Wednesday last, I wrote an update on my Facebook page – following on from a blog I had written on this website around a fortnight earlier – on the subject of Personal Protective Equipment (PPE) for frontline NHS staff. In that blog, I had highlighted the NHS Essex appeal being run by Essex County Council but sought to reassure my residents that Basildon Hospital was alright and was not running their own specific appeal. This was following reassurances I had received from officers at Basildon Borough Council, who had been in contact with the Hospital.
To be clear – at no time have I ever suggested that there is not a lack of PPE. Clearly, there is. I had given an undertaking in my blog that I would keep an eye on the specific situation at Basildon Hospital.
I posted my Facebook update last week in response to a number of social media posts I had seen being shared, purportedly coming from staff at the Essex Cardiothoracic Centre at Basildon Hospital, appealing for donations of PPE. This time I contacted the Chief Executive of the NHS Trust directly. My reason for doing this was not because I do not trust frontline staff but I feel it is important to establish the veracity of what we are reading online.
My motivations in all of this have been very simple. All of us are currently trying to manage, in our various spheres, an unprecedent public health crisis. One of the unfortunate backdrops to all this is the 24-hour news cycle and the fact that everyone has an opinion and, thanks to social media, a platform on which to share it with a wide audience, irrespective of how informed or accurate it is (see, as a prime example of this, 5G masts being set on fire because of outlandish, unsupported conspiracy theories people have read online suggesting 5G somehow spread the coronavirus – pseudoscientific nonsense of the highest order – and an equally inaccurate story that suggested the UK had turned down 50,000 ventilators offered by the EU).
We live in the era of ‘fake news’. I have really no idea why. I will never understand what possesses people to make up stories on the Internet, even in the midst of a horrifying global health crisis. But we know that they do and it makes me question pretty much everything I read on the Internet until I have completely satisfied myself that it is from a reliable, reputable source and accurate. The last thing I want to do is get into a protracted back and forth with residents over Facebook on an issue as complex as provision of PPE – especially contradicting (or appearing to contradict) frontline NHS staff. But it is only a little over a week since somebody claiming to be a paramedic posted a voicemail, that was then widely shared on social media, claiming that the Ambulance Service were going to ‘stop coming to homes’ in emergency situations and that ‘babies are going to start dying’. This terrified the life out of a great many people until the Ambulance Service confirmed that it was a hoax. Only two days ago, even the BBC had to make a correction to a story they had published about PPE, having originally believed it came from an NHS manager, only to clarify later that it had not.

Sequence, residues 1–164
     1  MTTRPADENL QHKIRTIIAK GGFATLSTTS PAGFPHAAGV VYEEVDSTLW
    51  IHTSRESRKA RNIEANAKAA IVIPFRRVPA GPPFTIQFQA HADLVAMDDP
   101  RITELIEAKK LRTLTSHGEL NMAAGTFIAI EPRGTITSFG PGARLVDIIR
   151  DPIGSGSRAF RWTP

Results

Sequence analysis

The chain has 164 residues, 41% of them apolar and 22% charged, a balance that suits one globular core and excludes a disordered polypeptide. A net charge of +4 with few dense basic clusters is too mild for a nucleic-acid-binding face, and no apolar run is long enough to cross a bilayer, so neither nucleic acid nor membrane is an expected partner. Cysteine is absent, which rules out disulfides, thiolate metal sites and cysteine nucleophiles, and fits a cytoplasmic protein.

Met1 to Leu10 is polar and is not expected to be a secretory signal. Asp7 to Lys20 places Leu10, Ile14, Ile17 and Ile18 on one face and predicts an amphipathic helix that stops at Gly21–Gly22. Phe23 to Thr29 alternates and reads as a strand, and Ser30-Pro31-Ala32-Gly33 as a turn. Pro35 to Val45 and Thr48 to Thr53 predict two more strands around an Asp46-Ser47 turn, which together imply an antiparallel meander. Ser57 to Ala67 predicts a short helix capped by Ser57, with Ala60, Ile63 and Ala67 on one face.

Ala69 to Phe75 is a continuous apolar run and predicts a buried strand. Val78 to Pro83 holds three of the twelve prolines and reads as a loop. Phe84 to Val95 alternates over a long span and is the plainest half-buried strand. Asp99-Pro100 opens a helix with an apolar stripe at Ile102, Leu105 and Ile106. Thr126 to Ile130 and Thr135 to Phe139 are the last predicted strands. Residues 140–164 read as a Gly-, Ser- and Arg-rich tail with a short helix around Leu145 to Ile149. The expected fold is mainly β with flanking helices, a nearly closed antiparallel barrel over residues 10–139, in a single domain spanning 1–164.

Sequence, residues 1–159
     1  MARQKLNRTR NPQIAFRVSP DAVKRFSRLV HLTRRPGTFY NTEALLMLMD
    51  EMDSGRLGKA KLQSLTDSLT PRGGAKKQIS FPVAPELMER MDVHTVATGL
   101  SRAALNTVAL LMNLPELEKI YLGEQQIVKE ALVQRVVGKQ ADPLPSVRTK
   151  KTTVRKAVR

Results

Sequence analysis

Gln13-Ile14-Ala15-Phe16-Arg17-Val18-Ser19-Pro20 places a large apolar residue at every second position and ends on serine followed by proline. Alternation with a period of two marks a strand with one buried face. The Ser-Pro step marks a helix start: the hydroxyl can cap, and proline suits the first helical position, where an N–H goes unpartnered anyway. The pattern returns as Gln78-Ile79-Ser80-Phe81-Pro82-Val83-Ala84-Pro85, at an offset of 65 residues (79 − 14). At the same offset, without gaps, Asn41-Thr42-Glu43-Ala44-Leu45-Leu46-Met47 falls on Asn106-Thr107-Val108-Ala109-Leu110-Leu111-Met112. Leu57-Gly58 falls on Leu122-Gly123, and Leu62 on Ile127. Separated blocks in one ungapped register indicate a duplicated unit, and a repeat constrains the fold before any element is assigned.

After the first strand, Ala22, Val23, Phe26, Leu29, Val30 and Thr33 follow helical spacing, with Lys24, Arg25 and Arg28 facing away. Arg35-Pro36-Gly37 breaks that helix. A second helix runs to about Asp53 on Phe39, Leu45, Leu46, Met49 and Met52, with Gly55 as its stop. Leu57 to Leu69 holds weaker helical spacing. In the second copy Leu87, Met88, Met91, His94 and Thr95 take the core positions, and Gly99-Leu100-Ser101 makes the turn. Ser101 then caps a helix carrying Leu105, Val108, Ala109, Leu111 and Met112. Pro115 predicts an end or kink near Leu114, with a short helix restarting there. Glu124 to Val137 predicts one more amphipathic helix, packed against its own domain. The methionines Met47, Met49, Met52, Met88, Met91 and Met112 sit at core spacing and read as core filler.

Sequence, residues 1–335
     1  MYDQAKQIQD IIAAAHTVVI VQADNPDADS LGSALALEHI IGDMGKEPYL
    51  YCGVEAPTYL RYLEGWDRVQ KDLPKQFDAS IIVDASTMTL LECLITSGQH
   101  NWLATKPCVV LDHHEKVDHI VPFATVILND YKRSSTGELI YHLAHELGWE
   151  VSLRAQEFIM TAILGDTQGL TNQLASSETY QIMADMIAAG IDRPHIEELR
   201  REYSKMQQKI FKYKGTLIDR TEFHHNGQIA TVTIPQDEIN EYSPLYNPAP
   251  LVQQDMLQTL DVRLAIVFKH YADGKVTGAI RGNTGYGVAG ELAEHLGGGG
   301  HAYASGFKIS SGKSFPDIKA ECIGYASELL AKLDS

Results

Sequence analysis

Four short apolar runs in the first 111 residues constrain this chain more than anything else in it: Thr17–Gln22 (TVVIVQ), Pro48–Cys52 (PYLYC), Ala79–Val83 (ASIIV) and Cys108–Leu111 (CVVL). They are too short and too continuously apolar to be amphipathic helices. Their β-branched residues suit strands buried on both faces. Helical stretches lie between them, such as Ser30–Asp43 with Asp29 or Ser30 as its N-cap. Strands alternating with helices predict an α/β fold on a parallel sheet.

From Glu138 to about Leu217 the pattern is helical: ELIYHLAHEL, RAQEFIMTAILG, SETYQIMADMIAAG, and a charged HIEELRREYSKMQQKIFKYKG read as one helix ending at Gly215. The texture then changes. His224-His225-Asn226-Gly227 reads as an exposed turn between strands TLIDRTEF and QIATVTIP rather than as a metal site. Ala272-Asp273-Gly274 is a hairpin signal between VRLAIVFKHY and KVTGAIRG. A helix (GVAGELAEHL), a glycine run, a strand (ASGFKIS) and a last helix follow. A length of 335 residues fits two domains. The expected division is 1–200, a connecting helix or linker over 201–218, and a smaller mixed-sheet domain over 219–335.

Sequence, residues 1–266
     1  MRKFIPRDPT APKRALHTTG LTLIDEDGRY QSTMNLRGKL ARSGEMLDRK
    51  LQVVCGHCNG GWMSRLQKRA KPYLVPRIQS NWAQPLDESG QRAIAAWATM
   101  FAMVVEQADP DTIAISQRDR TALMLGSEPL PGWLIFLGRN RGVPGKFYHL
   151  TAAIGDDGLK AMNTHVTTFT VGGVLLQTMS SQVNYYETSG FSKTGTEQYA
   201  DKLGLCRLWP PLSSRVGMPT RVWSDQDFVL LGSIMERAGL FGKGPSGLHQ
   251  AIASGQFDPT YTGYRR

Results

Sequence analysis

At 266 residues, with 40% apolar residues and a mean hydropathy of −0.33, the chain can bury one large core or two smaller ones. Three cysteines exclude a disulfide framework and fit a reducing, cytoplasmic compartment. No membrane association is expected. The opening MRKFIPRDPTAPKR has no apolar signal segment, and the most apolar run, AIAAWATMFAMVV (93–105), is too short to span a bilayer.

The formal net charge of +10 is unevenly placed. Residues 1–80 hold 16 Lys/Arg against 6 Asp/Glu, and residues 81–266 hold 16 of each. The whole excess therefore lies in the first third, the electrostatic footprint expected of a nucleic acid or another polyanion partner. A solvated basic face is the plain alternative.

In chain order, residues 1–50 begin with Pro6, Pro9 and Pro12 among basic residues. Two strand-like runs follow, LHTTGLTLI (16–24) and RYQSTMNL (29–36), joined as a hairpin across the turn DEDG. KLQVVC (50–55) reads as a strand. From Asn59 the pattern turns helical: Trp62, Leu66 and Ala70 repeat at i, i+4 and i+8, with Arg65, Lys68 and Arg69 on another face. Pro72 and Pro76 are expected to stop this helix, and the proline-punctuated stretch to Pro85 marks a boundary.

In recent weeks, I and many other local politicians have received reports of scam calls and texts relating to the coronavirus, with scammers claiming to be from the Government, GP surgeries, the NHS, or the World Health Organisation. None of us should be underestimating the importance of this. We all know that the pressures the NHS and our frontline healthworkers are under are very real but we all have a responsibility, when sharing information on social media, to act responsibly and check the veracity of what we are sharing. None of us would wish to inadvertently contribute to a climate of fear. My biggest concern in all of this has been ensuring that residents have access to reliable, verifiable information. We have people isolating at home, especially those who have been identified as particularly vulnerable, who are already fearful of going into hospital. There is some suggestion that patients who are ill and really need to go to hospital are leaving it longer than they should to seek help because of these anxieties.
I received a number of comments to my Facebook update, including from people claiming to be frontline workers at Basildon Hospital. I have no reason to doubt that they are, other than the reasons mentioned above, and I am certainly no accusing anybody of ‘lying’. Many of them took issue with the reassurances I had received from the Chief Exec. Many of them were arguing that there are PPE shortages at Basildon Hospital, which – to be fair to her – Ms Panniker had never disputed and neither have I. The only bone of contention was the suggestion that they had ‘run out’ of PPE. I have fed back all the comments that were made to Ms Panniker and I will continue to present robust challenge where necessary. Anybody who wishes to contact me on a confidential basis can, of course, do so either by emailing me at email@example.com or by telephoning or WhatsApp’ing me on 07769651708.
Any business who is able to donate PPE, should email Essex County Council at firstname.lastname@example.org with details, including quantity and postcode, and a contact telephone number. They will then contact you and prioritise the safe delivery or collection of any items on behalf of NHS Essex.
In the meantime, I hope you are all keeping safe and well. Stay Home. Protect the NHS. Save lives.